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Local woman brings financial health to South African township

2013_2_28_VSLprogram.jpg
Rachel Miller, right, is shown training 22-year-old Tsholofelo Mathebula to be a field officer for the newly implemented Village Savings and Loan program in the South African township of Zandspruit. Miller volunteered through Project HOPE to start the program during a two-week stay in South Africa in early February. Courtesy photo.


By Kim Walter

Project HOPE may be known for its outreach aimed toward improving the physical health of poor communities around the world, but according to Rachel Miller, financial health is just as important.

Miller, 24, a Winchester native and Millbrook High School graduate, recently returned from a volunteer mission for Project HOPE in South Africa, where she initiated a Village Savings and Loan program aimed at severely impoverished women at the organization's HOPE Centre in the township of Zandspruit, located about 30 minutes outside of Johannesburg. The HOPE Centre helps with testing and treatment for a number of diseases, but its focus is on chronic diseases like HIV and diabetes.

Miller attended James Madison University, where she studied third-world development, with a focus on the "economic and political side of things."

Village Savings and Loan programs aren't new, but when Miller was approached to lead the development of one in South Africa she had to do significant research and some tweaking to already established models to make it unique to Project HOPE.

The savings and loan program is an economic-strengthening methodology that helps people save money, make profit on their savings and take out loans.

"It's basically a grassroots form of microfinance," she said. "It's a little different, though, because we aren't injecting any capital or giving any loans. It's simply a methodology that's self-managed and self-financed."

After arriving, Miller got to work putting together a marketing campaign to spread the word about the program and about a meeting that would be held later on during her stay. She held a number of interviews to find a field officer to help her communicate with locals and who would keep the group going after she left.

Tsholofelo Mathebula, a 22-year old described by Miller as being "spunky," was hired as field officer. Miller said the young woman was able to speak seven of the 11 local languages, and was "able to pick things up quickly."

This being her second trip to a third-world nation, Miller said she noticed similar attitudes among women in the slums of South Africa and those she met during her first trip to Kenya.

"It's amazing that these people who have absolutely nothing to their name, walk with such pride. They wake up with smiles stretched across their faces, and nothing else matters but the health of themselves and their families," she said. "There is such a sense of optimism ... I think we lose sight of that here."

An early stage of a savings and loan program is the training of a health activist elected by the group. That person is educated on applicable health matters, like diabetes, nutrition and diarrhea, and in turn, they pass the education along to group and community members.

Miller said interest in the program was certainly there, as locals learned the benefits of "saving money for a rainy day."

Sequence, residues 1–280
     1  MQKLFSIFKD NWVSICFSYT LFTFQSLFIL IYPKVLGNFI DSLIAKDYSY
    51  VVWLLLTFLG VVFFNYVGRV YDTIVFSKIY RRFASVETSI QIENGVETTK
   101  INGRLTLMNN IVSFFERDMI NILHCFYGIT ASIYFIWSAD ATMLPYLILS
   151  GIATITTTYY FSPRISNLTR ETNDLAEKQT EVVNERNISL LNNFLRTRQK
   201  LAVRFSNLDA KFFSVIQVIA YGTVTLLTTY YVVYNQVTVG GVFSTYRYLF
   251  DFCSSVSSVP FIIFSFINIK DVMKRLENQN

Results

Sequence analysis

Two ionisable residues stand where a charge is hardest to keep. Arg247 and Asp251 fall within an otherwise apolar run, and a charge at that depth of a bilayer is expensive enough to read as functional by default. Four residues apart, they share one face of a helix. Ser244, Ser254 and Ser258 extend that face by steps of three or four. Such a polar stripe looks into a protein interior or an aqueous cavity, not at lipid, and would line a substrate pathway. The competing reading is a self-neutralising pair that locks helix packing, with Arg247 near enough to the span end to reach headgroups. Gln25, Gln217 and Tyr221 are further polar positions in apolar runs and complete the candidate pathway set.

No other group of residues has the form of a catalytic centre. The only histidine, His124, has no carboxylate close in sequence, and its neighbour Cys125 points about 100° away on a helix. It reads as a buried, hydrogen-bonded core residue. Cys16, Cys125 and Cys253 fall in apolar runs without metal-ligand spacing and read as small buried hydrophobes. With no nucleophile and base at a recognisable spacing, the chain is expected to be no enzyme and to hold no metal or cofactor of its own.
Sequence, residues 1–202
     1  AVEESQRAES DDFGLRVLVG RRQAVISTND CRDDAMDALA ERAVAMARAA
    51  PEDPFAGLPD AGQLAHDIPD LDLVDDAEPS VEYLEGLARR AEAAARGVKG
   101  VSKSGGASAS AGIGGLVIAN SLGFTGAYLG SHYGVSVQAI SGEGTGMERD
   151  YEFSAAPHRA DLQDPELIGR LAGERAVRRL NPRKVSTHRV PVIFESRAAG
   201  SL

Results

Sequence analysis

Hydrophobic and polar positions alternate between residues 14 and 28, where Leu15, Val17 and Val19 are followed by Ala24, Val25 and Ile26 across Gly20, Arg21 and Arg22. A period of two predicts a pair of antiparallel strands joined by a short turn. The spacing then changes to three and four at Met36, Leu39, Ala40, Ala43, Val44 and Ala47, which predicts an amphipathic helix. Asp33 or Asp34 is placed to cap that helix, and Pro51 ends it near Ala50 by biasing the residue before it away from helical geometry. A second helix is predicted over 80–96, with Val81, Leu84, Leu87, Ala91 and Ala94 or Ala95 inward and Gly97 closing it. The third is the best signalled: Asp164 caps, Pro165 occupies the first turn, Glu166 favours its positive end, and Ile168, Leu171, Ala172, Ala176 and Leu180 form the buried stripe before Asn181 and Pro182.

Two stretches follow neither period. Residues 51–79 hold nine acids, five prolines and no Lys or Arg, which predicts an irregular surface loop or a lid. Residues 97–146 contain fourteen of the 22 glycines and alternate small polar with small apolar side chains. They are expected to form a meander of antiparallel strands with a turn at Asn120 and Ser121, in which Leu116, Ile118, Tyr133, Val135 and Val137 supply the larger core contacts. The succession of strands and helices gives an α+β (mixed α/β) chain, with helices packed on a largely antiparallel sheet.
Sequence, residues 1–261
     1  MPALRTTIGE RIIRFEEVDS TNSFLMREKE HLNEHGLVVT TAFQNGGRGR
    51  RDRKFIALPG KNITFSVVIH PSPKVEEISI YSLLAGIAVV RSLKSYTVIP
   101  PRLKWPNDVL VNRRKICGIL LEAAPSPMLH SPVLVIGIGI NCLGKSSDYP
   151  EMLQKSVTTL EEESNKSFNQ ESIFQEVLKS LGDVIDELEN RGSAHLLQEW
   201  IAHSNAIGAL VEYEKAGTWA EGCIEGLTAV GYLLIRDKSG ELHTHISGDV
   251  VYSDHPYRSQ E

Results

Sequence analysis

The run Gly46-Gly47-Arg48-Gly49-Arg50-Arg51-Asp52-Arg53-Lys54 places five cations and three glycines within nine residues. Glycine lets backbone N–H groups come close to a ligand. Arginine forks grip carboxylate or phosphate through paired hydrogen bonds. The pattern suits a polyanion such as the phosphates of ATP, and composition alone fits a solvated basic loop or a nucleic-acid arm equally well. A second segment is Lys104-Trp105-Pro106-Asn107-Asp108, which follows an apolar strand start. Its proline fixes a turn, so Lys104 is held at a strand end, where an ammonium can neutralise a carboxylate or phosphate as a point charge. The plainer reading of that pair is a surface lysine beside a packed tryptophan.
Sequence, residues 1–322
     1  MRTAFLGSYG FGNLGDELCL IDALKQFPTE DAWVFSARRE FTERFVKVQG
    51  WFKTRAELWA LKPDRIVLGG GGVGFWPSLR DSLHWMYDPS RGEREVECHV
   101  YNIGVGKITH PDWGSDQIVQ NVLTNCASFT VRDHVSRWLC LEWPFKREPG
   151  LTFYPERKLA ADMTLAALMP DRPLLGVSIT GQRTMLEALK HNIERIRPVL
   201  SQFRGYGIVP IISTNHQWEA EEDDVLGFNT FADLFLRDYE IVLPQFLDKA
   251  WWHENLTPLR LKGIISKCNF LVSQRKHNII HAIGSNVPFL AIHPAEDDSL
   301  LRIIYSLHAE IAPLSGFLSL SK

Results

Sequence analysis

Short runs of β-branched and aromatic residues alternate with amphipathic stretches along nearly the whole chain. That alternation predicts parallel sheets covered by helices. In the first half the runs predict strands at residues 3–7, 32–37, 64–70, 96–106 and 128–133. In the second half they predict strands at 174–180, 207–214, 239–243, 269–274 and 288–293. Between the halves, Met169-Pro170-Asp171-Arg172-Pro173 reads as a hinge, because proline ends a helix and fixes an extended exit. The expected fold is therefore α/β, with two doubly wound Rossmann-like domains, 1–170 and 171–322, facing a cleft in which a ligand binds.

"In that type of community, VSL is a form of insurance," she said. "The hope is that the program will compliment [Project HOPE's] existing ambitions of improving people's health and access to health care."

Describing the basics of a savings and loan group to the locals wasn't as difficult as someone might think, she added. The village deals entirely in cash, so the concept of currency was no surprise.

A savings and loan group is composed of anywhere from eight to 25 self-selected individuals who meet once a week so that members can save through the purchase of shares. The price of shares are determined by the group, but every member must purchase at least one share each week.

Miller said the amount of savings per individual is flexible from week to week, but even the smallest amount is important. She said saving once a week is better than leaving it to the end of the month, since chances are they might not have much at that time.

Groups maintain savings in a loan fund, from which individuals can borrow in small amounts, up to three times their individual savings. A social fund can also be created, which could serve as a "community safety net" to benefit group members and non-members.

Miller said the methodology is presented in a way that even the least literate person can comprehend the involved mathematical formulas.

"It's a successful program, you just have to be dedicated to the education part," she said. "When opportunities are provided to the community members, their eyes beam with hope. They want their children to grow up better than they did."

Since returning on Feb. 18, Miller said the group remains up and running. While she was there, she created both group and individual quality assessments of the program so she could find out if the savings and loan is performing as it should.

Part of the evaluation also asks individuals about their diets, exercise habits and concerns with how they're feeling.

Through the surveys, Project HOPE can continue to build on its savings and loan model so that it could potentially be spread to its other locations around the world.

"I just hope it leads to them taking better care of themselves," Miller said. "I believe that if they have a little money in the bank along with the health education, they'll be able to get the care they need."

To read more about volunteer experience at the HOPE Centre in Zandspruit, go to www.thehopecentresouthafrica.blogspot.com.

Contact staff writer Kim Walter at 540-465-5137 ext. 191, or kwalter@nvdaily.com


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